“…do you get how bad it looks?”
Since news first broke about Hillary Clinton’s “home-brew” email server, conservatives and transparency advocates have run a full-court press against Clinton’s efforts to keep prying hands off of her official and personal communications. What should have been a simple (if massive) request for transparency has ballooned into a legal and political nightmare, leaving investigators open to a barrage of accusations claiming that, when it comes to Clinton, former Secretaries of State should remain virtually untouchable.
The idea is nonsense, not only because it ignores the law, but because it ignores the question anyone with a brain and common sense has been asking since day one, but no one with a big enough megaphone has asked.
Finally, someone asked it.
During a town hall-style interview for the Today Show, Savannah Guthrie went there, asking Clinton, “do you know how bad it looks?”
SAVANNAH GUTHRIE: I guess my question to you is, which is it? If you’re blaming the Republicans, some might wonder how genuine is that apology?
HILLARY CLINTON: Well, actually it’s both, I mean, I’m sorry that I made a choice that has resulted in this kind of situation, and I’ve said I’ve made a mistake. Obviously if I had to do it over again, I wouldn’t. It was allowed and everybody has confirmed that. But it’s also, as we now know very clearly, the way that the Republicans are trying to bring my– as they admit– poll numbers down.”
So it’s really both, Savannah, it’s both, ‘Hey, you know what, turn the clock back, it was allowed.’ I was thinking about many other things [than] my email account when I became Secretary of State.
GUTHRIE: It’s allowed, but you know, anybody who works in government knows it’s really not encouraged to use your personal email. And I just — do you get how bad it looks?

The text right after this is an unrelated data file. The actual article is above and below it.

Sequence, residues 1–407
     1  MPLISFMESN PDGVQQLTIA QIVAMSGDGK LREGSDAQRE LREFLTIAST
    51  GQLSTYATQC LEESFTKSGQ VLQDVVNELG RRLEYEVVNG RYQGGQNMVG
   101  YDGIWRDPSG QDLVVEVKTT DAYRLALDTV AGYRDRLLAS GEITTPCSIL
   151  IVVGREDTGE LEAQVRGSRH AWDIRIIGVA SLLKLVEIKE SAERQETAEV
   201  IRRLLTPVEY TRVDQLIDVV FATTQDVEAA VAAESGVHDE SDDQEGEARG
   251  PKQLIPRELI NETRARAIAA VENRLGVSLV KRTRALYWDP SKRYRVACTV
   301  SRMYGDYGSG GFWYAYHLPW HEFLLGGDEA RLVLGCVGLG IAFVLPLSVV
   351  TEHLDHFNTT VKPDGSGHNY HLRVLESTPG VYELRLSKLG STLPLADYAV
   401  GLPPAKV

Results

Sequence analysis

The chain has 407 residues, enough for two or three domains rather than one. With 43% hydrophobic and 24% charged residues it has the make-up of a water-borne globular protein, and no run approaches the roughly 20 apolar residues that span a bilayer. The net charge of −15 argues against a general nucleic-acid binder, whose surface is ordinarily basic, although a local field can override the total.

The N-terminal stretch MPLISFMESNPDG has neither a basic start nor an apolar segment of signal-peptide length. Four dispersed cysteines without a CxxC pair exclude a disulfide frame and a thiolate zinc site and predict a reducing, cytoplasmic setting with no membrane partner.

It looks like you set up a personal server, you set up your own email so that you would have control of those emails and you and you alone would decide when to release, whether to release them. And that’s in fact what happened.
CLINTON: Well, Savannah, first of all, it was allowed, And I’ve said it wasn’t the best choice. And every government official gets to decide what is personal and work-related.
She doesn’t answer the question, because any politician worth their donor dollars knows that a full “mea culpa” after months of claiming otherwise is chum in the water for their opponents and unfriendly media. If she were truly honest, and truly “sorry” for the time and expense now dedicated towards investigating her system of records, she would at least attempt to explain herself using an excuse other than, “it was allowed!”
Guthrie also pressed Clinton on an apparent double standard—if it were Cheney, would you expect us to be so understanding about this? House Majority Leader Kevin McCarthy’s Benghazi megagaffe on the House Benghazi committee reared its head, affording Clinton the opportunity to pivot away from uncomfortable honestly and toward her usual GOP-blaming and -bashing:
— TODAY (@TODAYshow) October 5, 2015
“The real issue here is what happened to four brave Americans,” the White House hopeful said from New Hampshire, just minutes before joining TODAY’s Pancakes & Politics town hall.
A visibly agitated Clinton discussed an upcoming congressional hearing on Benghazi, which House Majority Leader Kevin McCarthy has suggested was created with political motivations. When asked if she would have gone after Republicans such as former Vice President Dick Cheney if tables were turned, Clinton insisted: “I would never have done that.”
“This committee was set up, as they have admitted, for the purpose of making a partisan political issue out of the deaths of four Americans,” she said. “I would never have done that, and if I were president and there were Republicans or Democrats thinking about that, I would have done everything to shut it down.”
She pointed out that seven investigations, led mostly by Congressional Republicans, have looked into the issue and cleared her of any wrongdoing.
Of course, McCarthy suggested no such thing, but alas—such is the nature of the gaffe.
Hillary Clinton spent this entire interview looking for an outlet to blame Republicans for problems she was directly responsible for during her time as Secretary of State. Even assuming, for the sake of argument, that there was no wrongdoing on her part with regards to what happened in Benghazi—why blame Republicans? If we make the same assumption about about her email server—why blame Republicans?
You’d think such a strong, confident, glass ceiling-shatterer would have better ammunition backing up her arguments.
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